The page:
• The lms JavaScript tests are failing to run due to a relatively new Webpack build issue which is also currently affecting Vagrant.

We're running Firefox in a separate container for a few reasons:

  • It lets us significantly reduce the size of the edxapp container, which changes much more frequently.
  • It allows us to leverage all the work being done by the Selenium community to provide working, reliable images with VNC connectivity and support for a variety of browser versions.
  • It allows us to run browser automation tests from any of our services without needing to add the required software to each service we want to test in.
  • We can run different browser versions in different containers, if necessary; it's often very difficult to install multiple versions of Chrome or Firefox in the same container or virtual machine.

Lettuce tests are not yet working under Docker Devstack, they were overlooked in the first pass at getting all the tests running.  But adding a Chrome Selenium container has proven straightforward, so adding support for this shouldn't take too long.

Upgrade Options

Here are the consequences of trying to upgrade and/or consolidate the browsers used for each test suite:

Firefox 54

  • The JavaScript tests fully pass (except for the unrelated lms issue mentioned above) with the latest Firefox running via a remote Selenium server, as long as the codecs for mp4 playback are installed.
  • There is at least one open bug in controlling Firefox versions newer than 47.0.1 via a remote Selenium server which prevents many of our bok-choy tests from passing.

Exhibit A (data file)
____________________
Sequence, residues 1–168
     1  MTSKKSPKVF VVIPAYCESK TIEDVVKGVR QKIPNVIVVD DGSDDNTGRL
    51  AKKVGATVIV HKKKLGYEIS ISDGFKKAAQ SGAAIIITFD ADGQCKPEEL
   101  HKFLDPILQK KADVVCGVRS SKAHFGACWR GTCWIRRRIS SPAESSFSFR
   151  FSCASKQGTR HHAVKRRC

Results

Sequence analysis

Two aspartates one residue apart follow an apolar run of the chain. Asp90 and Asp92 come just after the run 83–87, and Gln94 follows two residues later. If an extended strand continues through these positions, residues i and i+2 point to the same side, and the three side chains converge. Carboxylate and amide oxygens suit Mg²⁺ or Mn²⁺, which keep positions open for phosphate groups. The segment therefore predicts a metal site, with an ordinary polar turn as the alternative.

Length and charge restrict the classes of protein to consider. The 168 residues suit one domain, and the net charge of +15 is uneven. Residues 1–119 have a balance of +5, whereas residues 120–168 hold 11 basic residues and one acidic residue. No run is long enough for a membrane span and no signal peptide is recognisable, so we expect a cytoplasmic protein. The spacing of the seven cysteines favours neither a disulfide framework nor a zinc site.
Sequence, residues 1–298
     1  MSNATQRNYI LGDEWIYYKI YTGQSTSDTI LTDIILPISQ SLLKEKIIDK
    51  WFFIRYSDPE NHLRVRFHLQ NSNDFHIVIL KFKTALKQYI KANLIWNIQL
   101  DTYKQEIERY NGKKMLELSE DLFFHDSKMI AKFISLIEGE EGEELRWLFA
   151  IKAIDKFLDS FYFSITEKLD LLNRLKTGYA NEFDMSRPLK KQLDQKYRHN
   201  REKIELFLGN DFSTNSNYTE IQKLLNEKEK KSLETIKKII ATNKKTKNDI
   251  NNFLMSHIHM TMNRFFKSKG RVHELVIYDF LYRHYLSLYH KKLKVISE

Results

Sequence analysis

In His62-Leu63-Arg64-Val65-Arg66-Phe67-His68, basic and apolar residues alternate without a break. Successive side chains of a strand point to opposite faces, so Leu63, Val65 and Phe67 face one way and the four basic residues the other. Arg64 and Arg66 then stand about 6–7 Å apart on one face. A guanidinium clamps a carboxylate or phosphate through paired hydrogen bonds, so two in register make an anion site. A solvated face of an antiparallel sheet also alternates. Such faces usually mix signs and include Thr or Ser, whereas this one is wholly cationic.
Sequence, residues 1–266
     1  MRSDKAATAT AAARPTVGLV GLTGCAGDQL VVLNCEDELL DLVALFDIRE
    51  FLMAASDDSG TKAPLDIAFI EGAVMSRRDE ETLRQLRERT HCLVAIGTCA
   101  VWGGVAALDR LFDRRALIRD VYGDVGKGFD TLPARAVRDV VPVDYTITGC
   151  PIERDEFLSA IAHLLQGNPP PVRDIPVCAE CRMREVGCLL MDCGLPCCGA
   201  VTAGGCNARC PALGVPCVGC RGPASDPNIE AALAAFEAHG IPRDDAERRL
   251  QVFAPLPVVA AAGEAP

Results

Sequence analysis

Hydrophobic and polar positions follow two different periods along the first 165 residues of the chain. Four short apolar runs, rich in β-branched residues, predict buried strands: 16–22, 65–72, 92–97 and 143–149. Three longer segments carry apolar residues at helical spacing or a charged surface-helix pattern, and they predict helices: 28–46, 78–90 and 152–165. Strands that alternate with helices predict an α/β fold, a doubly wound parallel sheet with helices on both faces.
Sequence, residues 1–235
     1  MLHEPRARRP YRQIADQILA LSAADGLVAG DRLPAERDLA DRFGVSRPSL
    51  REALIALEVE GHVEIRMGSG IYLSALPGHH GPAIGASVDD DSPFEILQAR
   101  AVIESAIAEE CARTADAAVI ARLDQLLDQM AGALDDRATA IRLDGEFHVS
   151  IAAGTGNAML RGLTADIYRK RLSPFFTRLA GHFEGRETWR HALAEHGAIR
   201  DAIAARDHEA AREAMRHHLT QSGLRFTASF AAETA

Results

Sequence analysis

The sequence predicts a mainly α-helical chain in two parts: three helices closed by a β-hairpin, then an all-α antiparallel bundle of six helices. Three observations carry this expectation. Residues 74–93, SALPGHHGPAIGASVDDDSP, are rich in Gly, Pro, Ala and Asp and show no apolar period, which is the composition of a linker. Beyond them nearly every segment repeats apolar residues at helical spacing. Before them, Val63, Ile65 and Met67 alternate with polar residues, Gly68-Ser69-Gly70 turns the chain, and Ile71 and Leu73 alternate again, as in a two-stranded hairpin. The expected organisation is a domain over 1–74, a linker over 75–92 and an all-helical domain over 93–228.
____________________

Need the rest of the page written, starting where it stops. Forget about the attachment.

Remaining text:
• An older version of Firefox was deemed unacceptably slow for pa11ycrawler; this may have improved somewhat in recent versions, but PhantomJS is probably still significantly faster.

This should be fine for the JavaScript tests, but nothing else yet.

Chrome 59

  • Exactly one JavaScript test fails when run with the latest Chrome: the test for seeking to a specific location in the video player.  Chrome only allows this when the server supports the HTTP "Accept-Ranges" header, which the Django test server does not yet support.  We can probably skip this test when using Chrome, but should be wary of only using Chrome in CI if we do that.
  • bok-choy: still investigating; hitting some early problems that may just be local environment issues.

Chrome 59 (headless)

Chrome 59 added support for fully headless operation, which should allow for faster test performance and smaller installations which don't need xvfb and such.

  • There isn't yet an official Selenium Docker image that supports this, although it's being worked on, and there is an unofficial image from that work which is supposedly mostly functioning.
  • There's a bug in taking screenshots which isn't fixed until Chrome 60 (not officially released yet).
  • This loses the ability to view and interact with a running test suite via VNC like we can with the regular Chrome and Firefox debug containers.  That doesn't prevent us from using it when we aren't actively exercising that ability, though.
  • It will probably suffer from the same JS video seek test failure as regular Chrome.

This looks like it may be a good option in a few weeks, once all the kinks get worked out.

PhantomJS 2.1

This upgrade hasn't been attempted yet (and may not be worth the effort, given that the project has been abandoned and we probably need to migrate pa11ycrawler to a different browser anyway).